Taking Stock At Nasdaq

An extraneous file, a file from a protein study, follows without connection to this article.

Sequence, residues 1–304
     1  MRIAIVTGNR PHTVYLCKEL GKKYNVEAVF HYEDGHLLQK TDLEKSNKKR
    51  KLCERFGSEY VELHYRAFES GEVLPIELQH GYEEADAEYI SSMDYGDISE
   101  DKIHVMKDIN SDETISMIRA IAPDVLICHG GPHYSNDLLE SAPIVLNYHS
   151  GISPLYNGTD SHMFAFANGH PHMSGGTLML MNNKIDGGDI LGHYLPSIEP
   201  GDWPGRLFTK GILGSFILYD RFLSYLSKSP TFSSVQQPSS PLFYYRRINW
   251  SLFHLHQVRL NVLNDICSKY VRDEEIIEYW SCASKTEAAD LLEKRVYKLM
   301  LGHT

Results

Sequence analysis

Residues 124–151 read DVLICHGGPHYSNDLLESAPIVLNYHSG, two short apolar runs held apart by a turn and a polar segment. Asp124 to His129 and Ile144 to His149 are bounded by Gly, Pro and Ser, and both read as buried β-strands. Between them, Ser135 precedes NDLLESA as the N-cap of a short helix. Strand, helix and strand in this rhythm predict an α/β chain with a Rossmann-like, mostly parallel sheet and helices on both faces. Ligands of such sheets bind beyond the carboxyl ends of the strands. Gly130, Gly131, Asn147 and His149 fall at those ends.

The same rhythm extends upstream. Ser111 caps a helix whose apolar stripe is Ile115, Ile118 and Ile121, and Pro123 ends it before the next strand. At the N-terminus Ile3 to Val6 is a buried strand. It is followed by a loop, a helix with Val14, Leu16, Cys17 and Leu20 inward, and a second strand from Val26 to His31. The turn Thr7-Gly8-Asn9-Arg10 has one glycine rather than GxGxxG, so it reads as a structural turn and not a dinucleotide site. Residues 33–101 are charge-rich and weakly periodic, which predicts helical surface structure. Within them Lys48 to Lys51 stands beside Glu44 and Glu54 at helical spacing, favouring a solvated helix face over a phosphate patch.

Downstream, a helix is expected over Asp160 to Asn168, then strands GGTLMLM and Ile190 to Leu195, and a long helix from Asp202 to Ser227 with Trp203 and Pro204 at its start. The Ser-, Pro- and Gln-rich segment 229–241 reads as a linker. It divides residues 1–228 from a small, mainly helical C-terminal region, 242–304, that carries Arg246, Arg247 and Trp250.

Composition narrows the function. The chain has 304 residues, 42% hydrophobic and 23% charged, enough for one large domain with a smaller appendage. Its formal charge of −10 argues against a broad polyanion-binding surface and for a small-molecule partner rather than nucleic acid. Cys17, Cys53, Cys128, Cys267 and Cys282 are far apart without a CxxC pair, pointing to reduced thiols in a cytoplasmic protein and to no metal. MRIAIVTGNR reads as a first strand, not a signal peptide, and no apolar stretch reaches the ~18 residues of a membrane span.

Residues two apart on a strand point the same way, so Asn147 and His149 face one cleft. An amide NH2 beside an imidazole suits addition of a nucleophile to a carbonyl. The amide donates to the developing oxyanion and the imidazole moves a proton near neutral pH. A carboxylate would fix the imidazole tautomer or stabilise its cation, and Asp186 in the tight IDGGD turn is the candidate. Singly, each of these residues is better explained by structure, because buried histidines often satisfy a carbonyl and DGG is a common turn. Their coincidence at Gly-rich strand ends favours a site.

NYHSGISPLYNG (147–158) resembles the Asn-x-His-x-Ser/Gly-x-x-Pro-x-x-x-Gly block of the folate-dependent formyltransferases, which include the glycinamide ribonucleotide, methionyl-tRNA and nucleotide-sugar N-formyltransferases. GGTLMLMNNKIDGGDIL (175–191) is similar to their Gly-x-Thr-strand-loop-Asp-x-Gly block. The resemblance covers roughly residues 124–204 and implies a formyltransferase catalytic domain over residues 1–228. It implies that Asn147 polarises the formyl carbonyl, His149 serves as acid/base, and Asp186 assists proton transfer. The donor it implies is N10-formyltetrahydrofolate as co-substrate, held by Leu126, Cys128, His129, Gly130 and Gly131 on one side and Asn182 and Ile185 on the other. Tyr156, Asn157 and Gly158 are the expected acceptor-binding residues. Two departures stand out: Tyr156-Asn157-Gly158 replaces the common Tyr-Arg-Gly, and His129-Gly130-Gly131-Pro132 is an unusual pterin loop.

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NEW YORK: The SEC approved a sweeping set of reforms designed to increase confidence and bring more small investors into the Nasdaq Stock Market. Nasdaq, home to such high-tech firms as Netscape, and Microsoft, has experienced a wild growth boom as investors flock to tech stocks. But two government investigations earlier this summer turned up allegations that dealers were engaging in price-fixing by not allowing all investors news of the best prices on the electronically traded market. As a result of the investigation, Nasdaq was formally censured by the SEC and ordered to provide more oversight of dealers. The new rules require dealers to offer their customers better prices often available on electronic trading services like Instinet Corp. Customers are hailing the reforms as groundbreaking changes, the like of which have not been seen at the Nasdaq since the 1970's. The rules will save investors money (while cutting dealer profit margins), both by lowering fees and eliminating price-fixing. The reforms, instituted over howls of protest from Wall Street dealers, are not surface changes - the agency is changing the structure of Nasdaq, says TIME's Bernard Baumohl. "This is a positive development. It minimizes the chances that an individual investor will be ripped off, and improves the prices they will receive when buying and selling stock. Also, the rules do away with the collusion and price fixing that market makers at Nasdaq were alleged to have engaged in." -->